Chartres Cathedral: “Clad in a Garment of Gems”


The greatest Gothic cathedral in France stands in Chartres, a pretty town on the Eure River in the Loire Valley. Chartres is only an hour by train or car from Paris, and many visitors make it a day trip — ride through the countryside, tour the cathedral, have lunch, ride back — and some wonder why all the fuss over one more medieval stone church with soaring spires, flying buttresses, and stained glass windows.

Chartres Cathedral – Guillermo Osorio

Having spent time in Chartres studying the cathedral and its history, walking the labyrinth, and exploring the town, I’ve learned that this UNESCO World Heritage Site is an extraordinary place, worth much more than a quick look.

Built in the 12th and 13th centuries, the cathedral is the sixth Christian place of worship to stand on this hill, and even earlier it was a place of spiritual ceremony for Druids. You can still see their ancient well, deep in the crypt. It’s been sacred ground for a long time.

Angel on the exterior of Chartres Cathedral – Yvan Waemare

In 1194, the previous church burned to the ground, and when people heard that a treasured relic of the Virgin Mary’s veil miraculously survived the fire, they were determined to build a magnificent cathedral in her honor. Nobles, royalty, and laborers alike gave gifts, money, and skills, and in 25 years the work was almost completed. Changes in style continued over time, such as the tallest, most intricate spire, done in the 16th century.

When you pass through the huge doors, with their richly sculpted arches, and enter the dim, vaulted interior, you see 167 stained glass windows that glow like jewels. As the custodian Etienne Houvet said in the foreword to his guide, it’s as if you were “clad in a garment of gems.” The light and coloring change with the season and hour, and the impression is magical. Most windows show a biblical or saint’s story; a few depict French royalty and one has the signs of the zodiac. To learn more about how the multi-colored stained glass was made, and perhaps purchase a piece, visit the nearby Gallerie du Vitrail.

The Rose window on the north side of the Chartres Cathedral -Yvan Waemare

There are numerous carvings, screens, and sculptures throughout the cathedral. On the floor, in the center of the nave, is the famous labyrinth (not a maze). Its well-worn stones are usually covered by chairs, but if you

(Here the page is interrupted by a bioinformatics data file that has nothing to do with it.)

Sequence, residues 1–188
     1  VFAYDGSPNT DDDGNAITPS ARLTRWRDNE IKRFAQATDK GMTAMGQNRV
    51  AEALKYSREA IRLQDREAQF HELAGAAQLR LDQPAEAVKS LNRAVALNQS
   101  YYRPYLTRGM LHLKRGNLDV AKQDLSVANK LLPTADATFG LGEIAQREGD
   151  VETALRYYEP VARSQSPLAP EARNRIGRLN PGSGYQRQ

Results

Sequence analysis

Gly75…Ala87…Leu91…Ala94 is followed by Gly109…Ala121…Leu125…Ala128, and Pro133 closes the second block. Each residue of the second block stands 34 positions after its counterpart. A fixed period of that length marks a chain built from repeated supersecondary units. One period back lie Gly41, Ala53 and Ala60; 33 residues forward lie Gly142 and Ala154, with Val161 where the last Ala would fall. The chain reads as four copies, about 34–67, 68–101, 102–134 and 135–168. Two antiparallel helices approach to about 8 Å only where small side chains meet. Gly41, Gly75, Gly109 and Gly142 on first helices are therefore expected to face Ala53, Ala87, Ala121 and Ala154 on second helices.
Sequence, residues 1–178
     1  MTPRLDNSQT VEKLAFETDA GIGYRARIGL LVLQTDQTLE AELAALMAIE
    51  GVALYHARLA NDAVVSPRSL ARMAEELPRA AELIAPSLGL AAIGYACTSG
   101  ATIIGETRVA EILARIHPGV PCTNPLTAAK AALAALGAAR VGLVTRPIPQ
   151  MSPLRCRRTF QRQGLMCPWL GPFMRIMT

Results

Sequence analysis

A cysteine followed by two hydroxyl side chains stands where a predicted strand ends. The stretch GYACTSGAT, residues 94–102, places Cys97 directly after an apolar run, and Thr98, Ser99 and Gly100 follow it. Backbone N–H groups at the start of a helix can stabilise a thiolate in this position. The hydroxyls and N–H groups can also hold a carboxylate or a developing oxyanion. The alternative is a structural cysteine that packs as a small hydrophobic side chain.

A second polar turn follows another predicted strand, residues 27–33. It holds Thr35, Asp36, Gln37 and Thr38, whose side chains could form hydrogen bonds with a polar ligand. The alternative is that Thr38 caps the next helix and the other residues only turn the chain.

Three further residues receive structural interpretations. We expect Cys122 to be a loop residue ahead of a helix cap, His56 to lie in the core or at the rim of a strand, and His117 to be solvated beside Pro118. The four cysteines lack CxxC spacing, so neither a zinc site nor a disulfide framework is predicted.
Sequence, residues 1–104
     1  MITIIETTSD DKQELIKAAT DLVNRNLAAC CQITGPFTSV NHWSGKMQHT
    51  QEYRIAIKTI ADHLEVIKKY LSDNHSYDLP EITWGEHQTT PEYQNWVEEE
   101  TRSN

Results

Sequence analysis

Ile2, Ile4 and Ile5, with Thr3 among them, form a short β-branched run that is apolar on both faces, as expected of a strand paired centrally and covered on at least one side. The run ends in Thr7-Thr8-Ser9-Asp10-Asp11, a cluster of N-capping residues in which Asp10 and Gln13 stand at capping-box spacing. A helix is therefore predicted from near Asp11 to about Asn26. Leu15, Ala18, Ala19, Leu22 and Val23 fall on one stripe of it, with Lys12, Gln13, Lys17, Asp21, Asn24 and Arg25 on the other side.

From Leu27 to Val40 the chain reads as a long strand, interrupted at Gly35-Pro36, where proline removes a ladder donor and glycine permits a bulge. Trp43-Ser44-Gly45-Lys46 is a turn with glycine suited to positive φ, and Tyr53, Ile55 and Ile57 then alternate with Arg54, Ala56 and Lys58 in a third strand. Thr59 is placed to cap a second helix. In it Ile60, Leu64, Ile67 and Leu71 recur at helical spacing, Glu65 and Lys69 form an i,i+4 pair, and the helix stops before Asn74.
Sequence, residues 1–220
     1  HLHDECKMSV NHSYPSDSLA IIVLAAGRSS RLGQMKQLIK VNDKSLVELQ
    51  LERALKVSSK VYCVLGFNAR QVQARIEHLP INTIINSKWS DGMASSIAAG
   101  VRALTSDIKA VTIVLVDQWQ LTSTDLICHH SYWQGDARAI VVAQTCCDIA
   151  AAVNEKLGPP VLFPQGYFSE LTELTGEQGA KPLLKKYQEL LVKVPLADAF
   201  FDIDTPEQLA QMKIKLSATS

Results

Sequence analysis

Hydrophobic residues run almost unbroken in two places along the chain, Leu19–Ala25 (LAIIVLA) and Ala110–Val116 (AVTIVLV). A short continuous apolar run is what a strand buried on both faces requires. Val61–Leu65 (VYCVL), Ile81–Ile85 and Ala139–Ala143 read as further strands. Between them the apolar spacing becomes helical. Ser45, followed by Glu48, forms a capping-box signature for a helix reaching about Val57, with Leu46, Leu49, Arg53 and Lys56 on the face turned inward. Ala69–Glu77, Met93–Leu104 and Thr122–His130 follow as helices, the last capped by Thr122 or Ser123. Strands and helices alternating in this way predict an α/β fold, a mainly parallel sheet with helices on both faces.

go on a Friday or an early morning you have a good chance of walking the 11 circuits. In medieval days the devout crawled the labyrinth on their knees, representing a pilgrimage to Jerusalem. Today’s pilgrims walk as a meditation, circling toward the center and out again.

Chartres Cathedrale by night – Guillermo Osorio

A guided tour is the best way to fully experience this unique place. Malcolm Miller is a recommended expert guide who can explain, in English, every aspect of the cathedral and its history. It’s guaranteed to help you see medieval art and beliefs in new ways.

Photos are © by the Chartres Convention and Visitors Bureau

Written by Marilyn McFarlane for

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  1. says

    Normandy Nomad, thank you for your comment. The town of Chartres is indeed a wonder, and it’s my next topic on EUC. Thanks for the reference to your enjoyable website.

  2. Carole Ann Geronimo says

    Chartres as stated above is a lovely town with its own magical qualities, but the cathedral make it a must see destination. Climb up to the top to see the glory of the French countryside. Walk the labyrinth (I did not do it on my knees) and sit, listen and be bathed in multi hued crystalline refractory delight. But remember that this is a church which evidences the forces that caused it to be created. One can love the monument, but not its message. Would religion be as powerful if it didn’t have these glorious evidences of the human mind, work and spirit? However, if there wasn’t the religious power to fund the building, would another type of creation arise? Religion had its heyday and the riches amassed created vast stores of architecture, art, music, dance, etc., that we still reap the benefit of that expenditure. Sorry for the rant.

  3. says

    Thanks for your comment, Carole Ann. You raise good questions and issues. From the ancient pyramids of Egypt to medieval churches of Europe and on to the great art of the present day, it’s always been the rich and powerful who built or gathered the treasures we now admire. Whatever we think of the original message, we can enjoy those glorious expressions of creativity, appreciate the art and honor the artists.

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